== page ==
For decades, Berthold Leibinger helped shape the economic and technical development in Germany. He furthered the internationalization of medium-sized businesses and was much in demand as a political consultant. He held numerous positions in trade and industry, such as president of the Industrie- und Handelskammer Mittlerer Neckar (Chamber of Industry and Commerce of the mid-Neckar region) in Stuttgart, president of the Verband Deutscher Maschinen- und Anlagenbauer (Mechanical Engineering Industry Association), chair of the Beraterkreis Innovationsforum Baden-Württemberg (Consultative Group of the Innovation Forum of Baden-Württemberg), member of the executive committee of the Bundesverband der Deutschen Industrie (Federation of German Industry) and chair of the Innovationsbeirat (Innovation Advisory Board) of the state government of Baden-Württemberg. He also shared his expertise while on the supervisory boards of such companies as BASF, Deutsche Bank and BMW.

In 1980, Berthold Leibinger was awarded the Bundesverdienstkreuz am Bande (Cross of the Order of Merit of the Federal Republic of Germany), in 2006 he received the Große Verdienstkreuz mit Stern des Verdienstordens der Bundesrepublik Deutschland (Knight Commander’s Cross of the Order of Merit of the Federal Republic of Germany). The state of Baden-Württemberg bestowed the Große Staufermedaille in Gold (Grand Staufer Gold Medal) on him in 2000. Further distinctions he received were: in 2003, the Preis Soziale Marktwirtschaft (Social Market Economy Prize) of the Konrad Adenauer Foundation, in 2005, the Werner von Siemens Ring, in 2008, the Deutsche Gründerpreis (German Founders’ Prize) of the Start-up-Initiative (category lifetime achievement), in 2011, the Arthur L. Schawlow Award, in 2013, the Preis für Verständigung und Toleranz (Award for Understanding and Tolerance) of the Jewish Museum Berlin, and, in 2014, the Aachener Ingenieurspreis (Aachen Engineering Award). The Japanese government bestowed the Order of the Rising Sun, Gold Rays with Neck Ribbon, on him in 2016.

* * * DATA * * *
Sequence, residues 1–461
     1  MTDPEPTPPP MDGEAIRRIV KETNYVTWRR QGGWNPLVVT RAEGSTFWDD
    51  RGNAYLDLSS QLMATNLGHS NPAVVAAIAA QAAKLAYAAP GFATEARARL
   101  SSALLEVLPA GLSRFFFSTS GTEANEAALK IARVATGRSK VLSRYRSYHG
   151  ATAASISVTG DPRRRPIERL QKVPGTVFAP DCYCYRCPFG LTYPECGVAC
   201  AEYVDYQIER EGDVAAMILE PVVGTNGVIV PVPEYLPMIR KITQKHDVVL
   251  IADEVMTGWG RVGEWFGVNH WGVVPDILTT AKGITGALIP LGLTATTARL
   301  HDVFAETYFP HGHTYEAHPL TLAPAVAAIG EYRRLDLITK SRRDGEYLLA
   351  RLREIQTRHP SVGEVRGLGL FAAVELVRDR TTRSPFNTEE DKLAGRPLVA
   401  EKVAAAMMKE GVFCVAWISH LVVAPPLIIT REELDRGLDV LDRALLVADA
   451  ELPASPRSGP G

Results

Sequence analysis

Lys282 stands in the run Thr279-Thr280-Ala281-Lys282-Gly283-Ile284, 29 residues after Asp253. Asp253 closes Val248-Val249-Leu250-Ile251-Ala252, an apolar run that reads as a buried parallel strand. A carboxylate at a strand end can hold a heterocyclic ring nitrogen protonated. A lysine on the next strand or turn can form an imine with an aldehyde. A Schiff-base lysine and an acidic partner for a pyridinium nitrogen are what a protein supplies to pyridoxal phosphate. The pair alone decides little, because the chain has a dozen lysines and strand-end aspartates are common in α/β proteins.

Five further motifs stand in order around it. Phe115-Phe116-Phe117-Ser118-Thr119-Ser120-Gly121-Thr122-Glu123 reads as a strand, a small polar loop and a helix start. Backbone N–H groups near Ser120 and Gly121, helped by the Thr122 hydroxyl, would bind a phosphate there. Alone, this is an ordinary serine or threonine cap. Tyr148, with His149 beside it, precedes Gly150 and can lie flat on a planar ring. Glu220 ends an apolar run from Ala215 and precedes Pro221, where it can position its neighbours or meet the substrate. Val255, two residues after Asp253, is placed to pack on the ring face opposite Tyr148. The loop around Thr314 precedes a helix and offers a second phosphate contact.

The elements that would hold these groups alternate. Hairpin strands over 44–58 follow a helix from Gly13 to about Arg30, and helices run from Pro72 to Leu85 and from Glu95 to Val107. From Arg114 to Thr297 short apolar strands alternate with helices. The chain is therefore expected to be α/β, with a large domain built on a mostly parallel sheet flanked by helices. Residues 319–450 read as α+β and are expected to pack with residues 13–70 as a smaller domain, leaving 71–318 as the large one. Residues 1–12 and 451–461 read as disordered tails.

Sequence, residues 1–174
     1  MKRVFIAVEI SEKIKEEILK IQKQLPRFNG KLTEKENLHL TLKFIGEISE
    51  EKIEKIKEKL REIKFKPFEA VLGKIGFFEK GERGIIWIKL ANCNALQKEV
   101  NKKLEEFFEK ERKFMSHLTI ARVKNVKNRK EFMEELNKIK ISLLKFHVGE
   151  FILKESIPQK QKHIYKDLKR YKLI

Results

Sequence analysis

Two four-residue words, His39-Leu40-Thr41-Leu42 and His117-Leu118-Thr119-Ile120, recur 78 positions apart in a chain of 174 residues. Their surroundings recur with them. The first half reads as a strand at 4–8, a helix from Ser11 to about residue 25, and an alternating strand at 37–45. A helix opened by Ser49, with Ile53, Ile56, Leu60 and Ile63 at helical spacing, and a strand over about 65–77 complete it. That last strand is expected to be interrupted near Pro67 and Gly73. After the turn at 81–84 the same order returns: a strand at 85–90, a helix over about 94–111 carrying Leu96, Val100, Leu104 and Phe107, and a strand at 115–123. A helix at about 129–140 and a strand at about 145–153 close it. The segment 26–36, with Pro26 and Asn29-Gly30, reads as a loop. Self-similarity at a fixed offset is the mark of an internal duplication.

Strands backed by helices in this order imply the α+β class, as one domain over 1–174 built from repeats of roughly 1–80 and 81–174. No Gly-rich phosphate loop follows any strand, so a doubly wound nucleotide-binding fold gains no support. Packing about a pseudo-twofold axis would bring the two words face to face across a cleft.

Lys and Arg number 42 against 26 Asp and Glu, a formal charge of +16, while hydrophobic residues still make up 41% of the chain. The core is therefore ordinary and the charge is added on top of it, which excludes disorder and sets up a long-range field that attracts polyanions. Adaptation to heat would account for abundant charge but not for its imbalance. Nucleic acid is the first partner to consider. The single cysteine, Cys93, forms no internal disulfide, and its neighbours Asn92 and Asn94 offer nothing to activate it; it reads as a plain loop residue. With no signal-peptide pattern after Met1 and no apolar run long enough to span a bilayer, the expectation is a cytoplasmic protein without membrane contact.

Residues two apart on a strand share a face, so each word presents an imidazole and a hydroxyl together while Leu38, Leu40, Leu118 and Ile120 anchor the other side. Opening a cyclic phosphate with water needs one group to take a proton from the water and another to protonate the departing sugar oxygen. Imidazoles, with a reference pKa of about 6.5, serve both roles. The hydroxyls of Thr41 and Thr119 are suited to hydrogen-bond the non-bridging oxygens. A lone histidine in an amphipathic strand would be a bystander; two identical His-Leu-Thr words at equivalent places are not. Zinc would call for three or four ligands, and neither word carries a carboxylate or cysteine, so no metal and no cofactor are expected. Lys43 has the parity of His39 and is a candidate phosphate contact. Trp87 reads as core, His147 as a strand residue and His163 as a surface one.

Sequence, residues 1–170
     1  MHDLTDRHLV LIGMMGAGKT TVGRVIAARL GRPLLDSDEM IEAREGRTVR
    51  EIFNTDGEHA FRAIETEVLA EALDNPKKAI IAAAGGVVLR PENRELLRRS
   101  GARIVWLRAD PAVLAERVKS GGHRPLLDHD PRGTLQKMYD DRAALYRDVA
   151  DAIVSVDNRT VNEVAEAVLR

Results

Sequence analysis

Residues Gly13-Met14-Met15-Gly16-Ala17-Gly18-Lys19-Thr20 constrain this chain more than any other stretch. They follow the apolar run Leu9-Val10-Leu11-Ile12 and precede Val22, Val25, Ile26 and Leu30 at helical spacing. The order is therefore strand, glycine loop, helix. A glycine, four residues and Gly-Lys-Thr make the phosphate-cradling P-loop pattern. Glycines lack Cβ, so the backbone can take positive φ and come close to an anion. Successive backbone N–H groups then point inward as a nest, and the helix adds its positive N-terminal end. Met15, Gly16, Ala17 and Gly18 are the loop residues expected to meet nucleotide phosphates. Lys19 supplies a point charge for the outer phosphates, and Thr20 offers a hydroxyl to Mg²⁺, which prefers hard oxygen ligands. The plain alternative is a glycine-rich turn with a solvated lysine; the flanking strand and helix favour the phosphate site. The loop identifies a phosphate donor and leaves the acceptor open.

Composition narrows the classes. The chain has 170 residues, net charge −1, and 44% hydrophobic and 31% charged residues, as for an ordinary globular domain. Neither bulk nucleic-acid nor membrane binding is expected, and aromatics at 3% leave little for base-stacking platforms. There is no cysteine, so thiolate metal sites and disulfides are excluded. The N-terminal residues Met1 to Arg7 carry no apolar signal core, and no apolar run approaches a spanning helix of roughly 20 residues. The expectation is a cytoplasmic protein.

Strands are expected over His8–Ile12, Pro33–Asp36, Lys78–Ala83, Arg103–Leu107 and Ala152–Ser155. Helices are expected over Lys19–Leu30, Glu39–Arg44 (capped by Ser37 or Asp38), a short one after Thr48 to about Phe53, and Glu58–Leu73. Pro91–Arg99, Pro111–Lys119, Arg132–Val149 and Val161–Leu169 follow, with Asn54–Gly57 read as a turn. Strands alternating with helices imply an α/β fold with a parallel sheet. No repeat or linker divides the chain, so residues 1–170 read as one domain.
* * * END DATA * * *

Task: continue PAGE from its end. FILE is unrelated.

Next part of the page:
Portrait of Berthold Leibinger on the occasion of the foundation's 20th anniversary.

8'05 min ©2012, Berthold Leibinger Stiftung GmbH
Production: MenschenbilderTV